Adrienne Jankens

"Good learners, like everyone else, are living, squirming, questioning, perceiving, fearing, loving, and languaging nervous systems, but they are good learners precisely because they believe and do certain things that less effective learners do not believe and do." -Postman and Weingartner (31)

Teaching Philosophy

“Good learners, like everyone else, are living, squirming, questioning, perceiving, fearing, loving, and languaging nervous systems, but they are good learners precisely because they believe and do certain things that less effective learners do not believe and do.” -Postman and Weingartner (31)

This quote from Postman and Weingartner’s Teaching as a Subversive Activity captures what I feel to be the essence of learning, and it is key to what I do as a teacher: creating the conditions of learning that support students’ development of effective learning behaviors.

I use Brian Cambourne’s phrase conditions of learning to think about the various components of my classroom ecology—that physical, discursive, and affective space that is comprised of my students, me, and the rest of the “stuff” of the classroom. I support my students’ learning through attending to these various elements of the learning environment and thinking about how they intersect and work together. Through modeling research and writing practices, being explicit about expectations for writing and classroom engagement, and allowing space for students to try new kinds of writing, writing in new genres, and writing about topics that are important to them with the benefit of feedback, reflection, and repeated practice, I work to help students understand writing and becoming a writer as a recursive process.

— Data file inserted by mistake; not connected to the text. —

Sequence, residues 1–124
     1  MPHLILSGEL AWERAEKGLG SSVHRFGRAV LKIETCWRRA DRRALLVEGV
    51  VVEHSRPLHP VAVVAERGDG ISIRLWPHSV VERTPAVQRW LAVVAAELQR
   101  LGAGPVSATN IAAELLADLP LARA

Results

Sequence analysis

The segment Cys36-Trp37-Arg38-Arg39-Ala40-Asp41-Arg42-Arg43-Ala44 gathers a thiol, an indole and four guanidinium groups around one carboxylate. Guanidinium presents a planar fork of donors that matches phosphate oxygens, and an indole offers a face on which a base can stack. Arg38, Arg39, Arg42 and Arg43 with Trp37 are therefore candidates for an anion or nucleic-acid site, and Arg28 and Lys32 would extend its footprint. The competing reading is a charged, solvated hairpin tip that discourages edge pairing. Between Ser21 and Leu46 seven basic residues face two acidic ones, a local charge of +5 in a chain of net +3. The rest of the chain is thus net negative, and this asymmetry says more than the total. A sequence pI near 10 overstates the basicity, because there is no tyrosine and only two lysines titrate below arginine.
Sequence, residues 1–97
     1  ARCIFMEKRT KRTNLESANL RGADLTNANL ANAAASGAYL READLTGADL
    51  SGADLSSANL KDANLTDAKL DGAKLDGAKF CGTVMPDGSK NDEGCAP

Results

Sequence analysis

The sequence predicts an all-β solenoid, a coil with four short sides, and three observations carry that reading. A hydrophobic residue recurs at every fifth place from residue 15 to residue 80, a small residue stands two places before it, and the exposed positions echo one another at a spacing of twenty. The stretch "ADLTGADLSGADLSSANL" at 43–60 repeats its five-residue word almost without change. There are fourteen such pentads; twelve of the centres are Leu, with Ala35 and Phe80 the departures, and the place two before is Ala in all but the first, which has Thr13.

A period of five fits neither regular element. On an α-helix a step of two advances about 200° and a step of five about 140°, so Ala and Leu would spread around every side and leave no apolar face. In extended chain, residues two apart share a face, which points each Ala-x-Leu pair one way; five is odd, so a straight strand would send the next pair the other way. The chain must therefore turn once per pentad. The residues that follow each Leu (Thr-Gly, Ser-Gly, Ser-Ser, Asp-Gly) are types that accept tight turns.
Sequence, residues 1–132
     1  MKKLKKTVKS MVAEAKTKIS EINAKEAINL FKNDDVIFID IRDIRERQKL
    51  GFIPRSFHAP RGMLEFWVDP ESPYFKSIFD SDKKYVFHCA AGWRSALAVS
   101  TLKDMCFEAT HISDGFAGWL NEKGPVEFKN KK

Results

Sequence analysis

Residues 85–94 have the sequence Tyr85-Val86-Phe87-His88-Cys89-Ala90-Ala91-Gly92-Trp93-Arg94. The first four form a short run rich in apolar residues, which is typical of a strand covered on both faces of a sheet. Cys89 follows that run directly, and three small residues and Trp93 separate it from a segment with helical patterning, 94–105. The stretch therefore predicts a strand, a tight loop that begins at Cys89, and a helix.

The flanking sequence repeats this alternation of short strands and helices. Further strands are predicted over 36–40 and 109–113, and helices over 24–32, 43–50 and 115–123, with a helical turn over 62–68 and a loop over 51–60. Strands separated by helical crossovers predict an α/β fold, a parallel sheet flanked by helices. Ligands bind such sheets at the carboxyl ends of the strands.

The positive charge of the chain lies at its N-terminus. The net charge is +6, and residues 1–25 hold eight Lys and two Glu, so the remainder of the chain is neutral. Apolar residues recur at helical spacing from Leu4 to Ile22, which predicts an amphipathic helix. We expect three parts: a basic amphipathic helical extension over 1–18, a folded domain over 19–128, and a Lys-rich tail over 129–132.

I also believe that grounding students’ learning in what they want and need to know makes for a meaningful classroom experience. Through the development of an inquiry-based curriculum, opportunities for meaningful collaboration, and writing assignments that allow room for students to play with text and writing concepts,  I work to develop a composition classroom can both meet the goals and standards set forth for the course by the institution and serve as an introduction to the work that will be extended by students’ other learning experiences. Projects like designing About Me pages for their writing blogs, crafting proposal arguments that will be shared with authentic audiences, and writing dialogues in which students insert their voices with the voices of authors whose texts they have analyzed, not only help students develop genre flexibility, but allow them to develop their thinking through very different kinds of writing tasks.

The composition classroom requires a safe, encouraging place for genuine inquiry, providing the context for meaningful learning that extends beyond one semester’s work. Inviting students to develop collaborative writing projects that respond to needs and possibilities they perceive in their communities encourages writing practices valued in both professional and social contexts. Allowing students room for play with texts, by exposing them to alternative genres–like the I-Search paper–working with them to interpret assignments, helping them make connections between their personal interests, prior knowledge, and the assignment, and allowing them to create texts in alternative ways, strengthens their opportunities for making their voices heard in a way that matches their experiences and perspectives, and prepares students for the writing they will do in other areas of their academic and professional lives.

In these approaches, paying attention is inherently important. Through reflective writing and thinking about their role in the classroom environment, students can develop a self-concept of rhetorical and responsible agency, paying attention to their prior knowledge, beliefs, and emotions, to their responses to the rhetorical situation, to their awareness of being influenced by and influencing others, and to how each of these things contributes to the rhetorical decisions they make. As teacher, in listening to my students, in reflecting upon their work and my own, and in re-shaping and re-imagining the work that happens in my classroom based on these observations, the work I do with students is continually improving.

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